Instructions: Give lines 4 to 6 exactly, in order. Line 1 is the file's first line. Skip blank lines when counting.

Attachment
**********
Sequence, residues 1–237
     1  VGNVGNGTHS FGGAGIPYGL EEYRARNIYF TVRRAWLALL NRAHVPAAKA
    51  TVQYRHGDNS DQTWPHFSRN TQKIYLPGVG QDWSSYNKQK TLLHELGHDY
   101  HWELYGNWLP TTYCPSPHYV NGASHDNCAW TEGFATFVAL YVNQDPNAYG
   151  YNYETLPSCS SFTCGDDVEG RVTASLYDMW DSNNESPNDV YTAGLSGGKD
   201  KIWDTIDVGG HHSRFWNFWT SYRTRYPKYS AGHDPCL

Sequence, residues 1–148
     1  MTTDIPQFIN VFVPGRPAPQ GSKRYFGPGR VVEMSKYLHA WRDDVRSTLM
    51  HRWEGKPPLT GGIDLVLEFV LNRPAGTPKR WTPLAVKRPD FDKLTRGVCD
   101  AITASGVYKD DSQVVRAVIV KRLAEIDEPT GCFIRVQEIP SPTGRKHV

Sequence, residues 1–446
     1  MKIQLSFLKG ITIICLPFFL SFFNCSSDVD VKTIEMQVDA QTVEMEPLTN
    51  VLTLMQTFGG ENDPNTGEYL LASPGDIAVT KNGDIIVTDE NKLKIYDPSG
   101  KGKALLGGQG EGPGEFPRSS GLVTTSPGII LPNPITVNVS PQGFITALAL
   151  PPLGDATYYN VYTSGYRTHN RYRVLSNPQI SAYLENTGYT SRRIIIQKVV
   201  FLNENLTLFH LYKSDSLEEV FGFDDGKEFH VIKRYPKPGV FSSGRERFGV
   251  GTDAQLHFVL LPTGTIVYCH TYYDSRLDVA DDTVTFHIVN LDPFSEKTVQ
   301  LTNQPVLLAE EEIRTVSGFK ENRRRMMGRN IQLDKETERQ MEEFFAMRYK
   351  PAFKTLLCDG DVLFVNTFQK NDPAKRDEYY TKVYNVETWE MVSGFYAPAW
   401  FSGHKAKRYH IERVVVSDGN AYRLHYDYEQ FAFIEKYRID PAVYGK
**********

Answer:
   101  HWELYGNWLP TTYCPSPHYV NGASHDNCAW TEGFATFVAL YVNQDPNAYG
   151  YNYETLPSCS SFTCGDDVEG RVTASLYDMW DSNNESPNDV YTAGLSGGKD
   201  KIWDTIDVGG HHSRFWNFWT SYRTRYPKYS AGHDPCL